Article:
Dr. Sayamindu Dasgupta develops new tools and experiences that support young learners in creating, thinking, and learning with data so that they can be active and empowered participants in the data-driven and data-mediated society that they live in. In this work, he seeks to engage young learners not only in understanding and consuming, but also in creating with and questioning data. As a part of his research, Dr. Dasgupta designs new computational toolkits that help learners develop data literacies. Additionally, to understand how to best support learning and design for it, he studies learners as they engage in creative learning activities in a range of contexts and settings. Before coming to UNC SILS, Dr. Dasgupta was a Moore/Sloan & WRF Innovation in Data Science postdoctoral fellow at the University of Washington. He received his PhD from MIT in 2016, where he was a part of the team that developed the Scratch programming language and online community.

Cori Dauber, UNC Department of Communication

Dr. Cori E. Dauber is a Professor of Communication at the University of North Carolina at Chapel Hill. Her work focuses on the visual propaganda of violent extremists in the online space. Dr. Dauber’s work has appeared in Perspectives on Terrorism, Studies in Conflict and Terrorism, Small Wars Journal, and Jihadology.net, among others, and she has presented her work at the Council on Foreign Relations, the NATO Annual Communicators Conference, and the INDO-PACOM J-39 Conference, among other venues.  She is also an Associate of the Global Network on Extremism and Technology (GNET) the Research Arm of the Global Internet Forum to Counter Terrorism (GIFTCT.) She holds a Phd and BS from Northwestern University, and an MA from UNC-Chapel Hill, all in Communication Studies.

Matt Perault, Duke Center on Science & Technology Policy

Matt Perault served as a director of public policy at Facebook. He led the company’s global public policy planning efforts on issues such as competition, law enforcement, and human rights and oversaw public policy for WhatsApp, Oculus, and Facebook Artificial Intelligence Research. Prior to joining Facebook, Matt was Counsel at the Congressional Oversight Panel. He previously worked as a consultant at the World Bank and served as a law clerk for the U.S. District Court for the District of Columbia.

Matt holds a law degree from Harvard Law School, a Master’s degree in Public Policy from Duke University’s Sanford School of Public Policy, and a Bachelor’s degree in political science from Brown University.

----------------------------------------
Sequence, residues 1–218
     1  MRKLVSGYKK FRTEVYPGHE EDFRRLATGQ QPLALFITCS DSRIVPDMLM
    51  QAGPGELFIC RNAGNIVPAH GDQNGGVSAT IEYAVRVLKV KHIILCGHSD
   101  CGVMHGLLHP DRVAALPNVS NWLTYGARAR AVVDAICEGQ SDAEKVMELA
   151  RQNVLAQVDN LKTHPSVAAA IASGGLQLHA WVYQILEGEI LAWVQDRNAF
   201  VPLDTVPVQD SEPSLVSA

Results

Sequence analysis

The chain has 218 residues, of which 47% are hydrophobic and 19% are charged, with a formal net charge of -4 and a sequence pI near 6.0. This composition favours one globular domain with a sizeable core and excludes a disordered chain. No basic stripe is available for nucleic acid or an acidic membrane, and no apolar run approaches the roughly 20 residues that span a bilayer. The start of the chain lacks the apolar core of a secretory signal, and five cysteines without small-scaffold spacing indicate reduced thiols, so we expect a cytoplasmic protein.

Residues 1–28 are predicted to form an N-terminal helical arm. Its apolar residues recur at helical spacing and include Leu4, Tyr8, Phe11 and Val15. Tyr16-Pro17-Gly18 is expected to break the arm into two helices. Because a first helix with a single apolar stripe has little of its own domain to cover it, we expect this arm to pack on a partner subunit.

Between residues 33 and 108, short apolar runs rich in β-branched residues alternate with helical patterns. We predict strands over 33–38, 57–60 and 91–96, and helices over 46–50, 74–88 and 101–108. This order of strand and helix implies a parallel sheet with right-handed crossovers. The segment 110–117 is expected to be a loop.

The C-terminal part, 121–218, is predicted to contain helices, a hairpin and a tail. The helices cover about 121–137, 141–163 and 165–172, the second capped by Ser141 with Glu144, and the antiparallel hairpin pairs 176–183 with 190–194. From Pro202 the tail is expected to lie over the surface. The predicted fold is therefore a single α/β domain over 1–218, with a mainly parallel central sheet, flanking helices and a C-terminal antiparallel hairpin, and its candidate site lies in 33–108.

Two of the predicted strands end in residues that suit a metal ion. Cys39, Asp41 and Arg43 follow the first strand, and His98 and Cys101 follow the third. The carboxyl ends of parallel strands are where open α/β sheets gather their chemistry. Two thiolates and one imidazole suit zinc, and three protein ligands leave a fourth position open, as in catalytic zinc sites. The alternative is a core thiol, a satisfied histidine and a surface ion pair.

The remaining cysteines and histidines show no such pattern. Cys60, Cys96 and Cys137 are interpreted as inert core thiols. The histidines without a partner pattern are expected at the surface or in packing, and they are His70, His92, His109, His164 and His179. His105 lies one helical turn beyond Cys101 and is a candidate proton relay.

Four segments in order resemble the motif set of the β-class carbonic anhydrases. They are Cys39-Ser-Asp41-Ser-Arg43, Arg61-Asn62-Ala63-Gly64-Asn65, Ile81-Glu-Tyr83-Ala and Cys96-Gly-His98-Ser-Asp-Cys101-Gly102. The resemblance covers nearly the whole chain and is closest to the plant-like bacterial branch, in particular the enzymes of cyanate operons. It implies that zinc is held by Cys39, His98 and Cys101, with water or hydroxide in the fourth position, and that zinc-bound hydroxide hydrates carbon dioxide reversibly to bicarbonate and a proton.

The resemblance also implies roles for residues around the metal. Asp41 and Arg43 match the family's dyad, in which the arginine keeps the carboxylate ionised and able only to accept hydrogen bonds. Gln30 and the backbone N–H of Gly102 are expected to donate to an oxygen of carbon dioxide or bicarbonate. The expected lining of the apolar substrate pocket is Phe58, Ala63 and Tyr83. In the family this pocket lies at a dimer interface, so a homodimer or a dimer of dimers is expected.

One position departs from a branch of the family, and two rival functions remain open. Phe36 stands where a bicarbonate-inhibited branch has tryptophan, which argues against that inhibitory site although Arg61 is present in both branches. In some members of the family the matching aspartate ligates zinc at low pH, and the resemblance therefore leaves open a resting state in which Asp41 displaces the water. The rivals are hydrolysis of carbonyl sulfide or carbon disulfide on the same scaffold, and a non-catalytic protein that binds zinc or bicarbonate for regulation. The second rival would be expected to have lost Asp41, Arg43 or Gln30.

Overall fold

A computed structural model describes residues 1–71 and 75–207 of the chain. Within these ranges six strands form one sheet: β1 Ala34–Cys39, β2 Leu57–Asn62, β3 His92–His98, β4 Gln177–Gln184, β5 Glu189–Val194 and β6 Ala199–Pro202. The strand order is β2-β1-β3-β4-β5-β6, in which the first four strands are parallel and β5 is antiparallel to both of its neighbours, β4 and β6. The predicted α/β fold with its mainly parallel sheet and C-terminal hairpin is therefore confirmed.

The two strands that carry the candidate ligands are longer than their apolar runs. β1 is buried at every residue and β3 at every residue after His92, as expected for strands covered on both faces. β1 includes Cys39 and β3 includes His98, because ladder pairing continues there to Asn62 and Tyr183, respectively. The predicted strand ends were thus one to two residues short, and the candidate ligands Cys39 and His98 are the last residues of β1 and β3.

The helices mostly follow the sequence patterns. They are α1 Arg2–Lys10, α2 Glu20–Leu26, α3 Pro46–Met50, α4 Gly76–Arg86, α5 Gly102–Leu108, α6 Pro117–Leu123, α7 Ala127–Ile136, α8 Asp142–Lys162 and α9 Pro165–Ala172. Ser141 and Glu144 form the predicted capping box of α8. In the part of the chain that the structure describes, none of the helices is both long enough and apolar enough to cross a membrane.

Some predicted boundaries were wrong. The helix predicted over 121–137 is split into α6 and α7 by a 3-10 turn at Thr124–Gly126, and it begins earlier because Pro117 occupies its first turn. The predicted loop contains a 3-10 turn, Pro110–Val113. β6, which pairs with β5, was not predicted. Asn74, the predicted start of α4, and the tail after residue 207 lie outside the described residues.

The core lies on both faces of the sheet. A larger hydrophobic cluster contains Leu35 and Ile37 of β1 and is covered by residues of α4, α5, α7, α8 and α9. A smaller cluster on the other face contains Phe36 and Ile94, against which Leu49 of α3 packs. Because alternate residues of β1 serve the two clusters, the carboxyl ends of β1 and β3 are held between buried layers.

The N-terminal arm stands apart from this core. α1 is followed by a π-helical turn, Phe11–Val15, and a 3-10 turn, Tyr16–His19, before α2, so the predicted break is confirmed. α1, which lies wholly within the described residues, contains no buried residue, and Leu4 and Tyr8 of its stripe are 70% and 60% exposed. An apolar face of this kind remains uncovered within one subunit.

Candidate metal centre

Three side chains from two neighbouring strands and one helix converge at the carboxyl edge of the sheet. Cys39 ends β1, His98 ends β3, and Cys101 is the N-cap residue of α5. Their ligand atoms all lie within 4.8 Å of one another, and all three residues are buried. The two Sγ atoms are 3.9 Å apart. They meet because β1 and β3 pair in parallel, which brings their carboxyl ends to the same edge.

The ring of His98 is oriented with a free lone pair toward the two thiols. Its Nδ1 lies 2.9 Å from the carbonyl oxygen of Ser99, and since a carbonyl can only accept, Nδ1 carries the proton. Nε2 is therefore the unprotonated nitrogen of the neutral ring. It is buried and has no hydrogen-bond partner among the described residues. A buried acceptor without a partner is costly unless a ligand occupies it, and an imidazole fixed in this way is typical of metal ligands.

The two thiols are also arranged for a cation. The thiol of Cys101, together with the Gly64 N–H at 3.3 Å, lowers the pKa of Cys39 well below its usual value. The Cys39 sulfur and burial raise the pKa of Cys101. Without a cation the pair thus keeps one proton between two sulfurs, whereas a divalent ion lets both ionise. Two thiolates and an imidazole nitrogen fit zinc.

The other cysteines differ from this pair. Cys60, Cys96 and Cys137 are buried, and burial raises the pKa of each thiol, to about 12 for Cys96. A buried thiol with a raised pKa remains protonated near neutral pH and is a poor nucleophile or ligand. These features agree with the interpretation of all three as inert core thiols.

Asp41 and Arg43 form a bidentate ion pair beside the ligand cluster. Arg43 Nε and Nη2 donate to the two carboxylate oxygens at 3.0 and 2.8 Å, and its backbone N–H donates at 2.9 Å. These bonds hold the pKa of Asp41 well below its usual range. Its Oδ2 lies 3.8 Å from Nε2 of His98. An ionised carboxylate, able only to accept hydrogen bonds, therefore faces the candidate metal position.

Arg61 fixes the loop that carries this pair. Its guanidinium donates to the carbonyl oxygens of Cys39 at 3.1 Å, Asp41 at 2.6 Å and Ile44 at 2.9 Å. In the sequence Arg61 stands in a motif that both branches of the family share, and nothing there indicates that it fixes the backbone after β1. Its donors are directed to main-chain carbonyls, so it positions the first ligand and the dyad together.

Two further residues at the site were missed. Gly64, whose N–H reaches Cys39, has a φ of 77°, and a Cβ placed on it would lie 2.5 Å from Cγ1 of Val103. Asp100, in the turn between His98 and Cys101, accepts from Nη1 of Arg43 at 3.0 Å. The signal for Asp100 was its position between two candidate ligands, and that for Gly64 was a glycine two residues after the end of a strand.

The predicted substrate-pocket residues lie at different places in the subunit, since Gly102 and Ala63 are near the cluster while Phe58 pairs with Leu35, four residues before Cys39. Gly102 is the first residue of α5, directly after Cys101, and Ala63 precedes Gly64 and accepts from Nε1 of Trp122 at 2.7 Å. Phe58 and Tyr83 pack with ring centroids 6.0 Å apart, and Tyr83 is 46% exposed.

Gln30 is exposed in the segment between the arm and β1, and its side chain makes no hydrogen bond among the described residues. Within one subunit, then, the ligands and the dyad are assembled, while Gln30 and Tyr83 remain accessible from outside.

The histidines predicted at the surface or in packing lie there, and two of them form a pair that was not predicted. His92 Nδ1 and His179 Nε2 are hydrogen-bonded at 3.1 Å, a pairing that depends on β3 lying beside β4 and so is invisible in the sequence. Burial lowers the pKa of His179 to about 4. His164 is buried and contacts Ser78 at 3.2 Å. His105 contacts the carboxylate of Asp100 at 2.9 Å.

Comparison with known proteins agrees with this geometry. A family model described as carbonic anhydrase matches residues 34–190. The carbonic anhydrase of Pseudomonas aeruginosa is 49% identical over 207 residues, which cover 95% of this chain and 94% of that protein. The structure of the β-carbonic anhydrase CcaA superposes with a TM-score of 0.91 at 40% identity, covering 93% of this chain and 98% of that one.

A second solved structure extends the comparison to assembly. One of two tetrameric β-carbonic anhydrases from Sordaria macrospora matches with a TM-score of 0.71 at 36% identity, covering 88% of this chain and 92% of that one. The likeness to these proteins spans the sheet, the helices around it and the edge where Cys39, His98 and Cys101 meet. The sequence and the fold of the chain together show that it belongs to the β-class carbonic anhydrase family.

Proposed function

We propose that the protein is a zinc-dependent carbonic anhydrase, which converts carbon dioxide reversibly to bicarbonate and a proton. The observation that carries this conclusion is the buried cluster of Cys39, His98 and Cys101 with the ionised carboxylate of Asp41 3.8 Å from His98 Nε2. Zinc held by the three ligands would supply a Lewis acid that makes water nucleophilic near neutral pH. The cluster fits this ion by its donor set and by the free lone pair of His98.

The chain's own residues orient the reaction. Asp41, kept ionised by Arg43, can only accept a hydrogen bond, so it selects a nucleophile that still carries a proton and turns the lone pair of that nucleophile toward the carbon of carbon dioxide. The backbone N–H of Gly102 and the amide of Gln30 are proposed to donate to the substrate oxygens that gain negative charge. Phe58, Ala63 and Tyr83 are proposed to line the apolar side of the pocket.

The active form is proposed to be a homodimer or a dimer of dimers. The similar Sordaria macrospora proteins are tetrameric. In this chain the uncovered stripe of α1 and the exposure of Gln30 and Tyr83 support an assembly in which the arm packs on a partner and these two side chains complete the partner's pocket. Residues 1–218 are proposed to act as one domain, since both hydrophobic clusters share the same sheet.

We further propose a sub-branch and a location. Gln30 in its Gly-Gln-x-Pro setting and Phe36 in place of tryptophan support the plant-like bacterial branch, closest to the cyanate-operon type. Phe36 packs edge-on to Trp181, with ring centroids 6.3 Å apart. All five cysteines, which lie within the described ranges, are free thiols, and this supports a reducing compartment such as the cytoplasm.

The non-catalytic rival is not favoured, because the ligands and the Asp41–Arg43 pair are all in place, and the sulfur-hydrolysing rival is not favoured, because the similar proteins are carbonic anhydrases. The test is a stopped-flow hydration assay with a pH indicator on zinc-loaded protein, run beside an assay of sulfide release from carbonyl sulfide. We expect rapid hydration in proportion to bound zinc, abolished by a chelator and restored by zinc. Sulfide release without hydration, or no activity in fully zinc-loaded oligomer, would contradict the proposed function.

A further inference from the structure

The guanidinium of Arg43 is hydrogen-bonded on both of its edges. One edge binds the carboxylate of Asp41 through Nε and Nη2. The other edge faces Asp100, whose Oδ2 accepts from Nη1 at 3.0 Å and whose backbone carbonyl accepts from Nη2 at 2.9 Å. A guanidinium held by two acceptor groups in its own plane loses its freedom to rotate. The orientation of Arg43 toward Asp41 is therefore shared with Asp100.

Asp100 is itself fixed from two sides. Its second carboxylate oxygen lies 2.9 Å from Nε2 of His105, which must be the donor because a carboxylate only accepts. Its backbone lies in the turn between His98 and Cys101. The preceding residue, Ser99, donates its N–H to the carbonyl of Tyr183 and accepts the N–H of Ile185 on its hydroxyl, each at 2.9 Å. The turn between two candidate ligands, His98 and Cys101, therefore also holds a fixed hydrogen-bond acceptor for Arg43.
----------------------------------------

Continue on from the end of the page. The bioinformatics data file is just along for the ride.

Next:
Amanda Reid, UNC Hussman School

Amanda Reid is an Assistant Professor in the UNC Hussman School of Journalism and Media, an adjunct professor at the UNC School of Law, and a Faculty Affiliate at the UNC Center for Media Law and Policy.  She is also a Candidate on the Fulbright Specialist Roster and a member of the Board of Directors of The Daily Tar Heel.  Her interdisciplinary legal scholarship analyzes meaning-making, including how we make, create, and interpret cultural artifacts around us. In particular, she studies how substantive laws (e.g., copyright) and procedural rules (e.g., burdens of proof and standards of review) impact—both positively and negatively—our ability to encode and decode meaning.  Her research on copyright law complements CITAP research on the impact of technology on democratic and cultural participation.  Before coming to Carolina, Reid taught at a law school for eight years. Prior to entering academia, she served as a commercial litigation associate at Holland & Knight, LLP, as a one-year judicial law clerk for the Honorable Susan H. Black of the Eleventh Circuit Court of Appeals, and as a two-year judicial law clerk for the Honorable Harvey E. Schlesinger of the Middle District of Florida. She graduated with high honors from the University of Florida Levin College of Law, and she earned a Ph.D. from the University of Florida College of Journalism and Communications.  She maintains her law license in the state of Florida.

Graduate student affiliates

J. Sophia Baik

Jeeyun (Sophia) Baik is a doctoral candidate at the Annenberg School for Communication and Journalism, University of Southern California. She focuses on issues of privacy, surveillance, and communication law and policy. Through her research, she explores sociopolitical and regulatory consequences of the networked information environment on our everyday lives and people at the margins in specific. Her dissertation examines ways to enshrine data privacy as a civil right, by centering questions around discrimination and inequity in privacy policies and laws being shaped both at a state level (i.e., California) and at a federal level. The project particularly follows coalition-building dynamics across privacy advocacy groups and civil rights communities who are putting forward the frame of data privacy as a civil right in public discourse and rule-making processes. Her work has been published in leading journals such as Telematics and Informatics, International Journal of Communication, and Mass Communication and Society.